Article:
The Pensions Regulator has made its ambivalence towards smaller single employer trusts crystal clear. For example, last August it described what it saw as the unacceptable scale of under- performance in its annual defined contribution survey suggesting such schemes had to “improve or leave the market to protect savers”.
It contrasted well-run, larger schemes with smaller schemes which were, it said, failing to meet standards of governance and trusteeship adding that only 4 per cent of micro schemes (which have between 2 and 11 members) and 1 per cent of small schemes (which have between 12 and 99 members) met all of the required governance standards.
A consultation ‘The future of Trusteeship and Governance’ in July last year, included an interesting appendix summarising telephone research about winding up with 18 smaller schemes represented variously by administrators, trustees and IFAs.
The qualitative results found there were many perceived barriers to winding up and, perhaps unsurprisingly that many trustees had an emotional attachment to their scheme, suggesting it could cloud their judgement on what is best for savers.
It also found that when win ding-up was actively considered, consultation with experts was common, as knowledge and understanding of winding-up was inconsistent.
It also noted that external advisers played an integral role, but advice from third parties wasn’t always scrutinised and challenged for conflicts of interest.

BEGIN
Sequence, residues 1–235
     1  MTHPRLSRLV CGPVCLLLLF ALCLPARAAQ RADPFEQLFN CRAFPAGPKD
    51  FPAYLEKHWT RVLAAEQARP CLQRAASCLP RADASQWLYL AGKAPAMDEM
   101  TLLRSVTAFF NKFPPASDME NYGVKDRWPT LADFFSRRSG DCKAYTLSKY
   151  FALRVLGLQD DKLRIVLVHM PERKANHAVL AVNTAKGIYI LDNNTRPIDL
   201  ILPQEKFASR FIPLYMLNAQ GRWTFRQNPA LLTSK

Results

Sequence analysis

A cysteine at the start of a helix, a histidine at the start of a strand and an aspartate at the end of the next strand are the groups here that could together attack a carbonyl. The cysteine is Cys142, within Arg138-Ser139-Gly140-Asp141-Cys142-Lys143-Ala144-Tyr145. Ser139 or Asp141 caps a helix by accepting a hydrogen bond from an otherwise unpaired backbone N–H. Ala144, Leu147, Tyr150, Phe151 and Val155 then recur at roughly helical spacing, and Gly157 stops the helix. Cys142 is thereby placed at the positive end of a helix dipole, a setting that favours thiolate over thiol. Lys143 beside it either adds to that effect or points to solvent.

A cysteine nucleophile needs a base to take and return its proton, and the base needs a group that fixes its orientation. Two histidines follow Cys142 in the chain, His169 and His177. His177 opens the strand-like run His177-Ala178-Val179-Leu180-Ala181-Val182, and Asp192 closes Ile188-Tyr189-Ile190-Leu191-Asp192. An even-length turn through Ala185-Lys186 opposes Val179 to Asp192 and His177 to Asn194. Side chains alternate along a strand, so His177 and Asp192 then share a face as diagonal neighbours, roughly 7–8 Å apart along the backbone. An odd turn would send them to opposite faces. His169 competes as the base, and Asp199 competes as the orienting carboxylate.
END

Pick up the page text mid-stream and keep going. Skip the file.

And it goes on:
The wind-up process was seen as time-consuming partly due to the need to gather information, to track down members and was often delayed by slow responses from providers and/or advisers.
In October, it became clear that TPR was ramping up the pressure, asking the trustee boards of 400 schemes to conduct a data review within six months, as the schemes concerned had failed to review their data in the previous three years.
Clearly the regulator is intent on driving significant change.
Rona Train, partner at Hymans Robertson and a specialist in DC investment and governance, says: “It is now very clear that the regulator is looking to drive down the number of single employer occupational schemes. Even among the larger schemes, the regulator has been doing a lot of one to one supervision, drilling down into how schemes are governed.
“We do, as an industry, tend to talk about small schemes and arge schemes. I would make the point that you can still get very well governed small schemes. But there is a tail that is poorly governed. They are the ones the regulator is looking to move towards master trusts and other forms of consolidation.”
Train foresees a dramatic shift in numbers from the region of 2,500 occupational schemes now to between 300 and 500 within the next five to seven years.
Mark Pemberthy, head of DC and wealth at Buck says: “TPR is actively encouraging consolidation for reluctant sponsors or trustees of occupational DC schemes. TPR has raised the bar on the expected standards of trusteeship and there is active enforcement on sub-standard chairs’ statements, which can be indicative of disengaged trustees or sponsoring employers.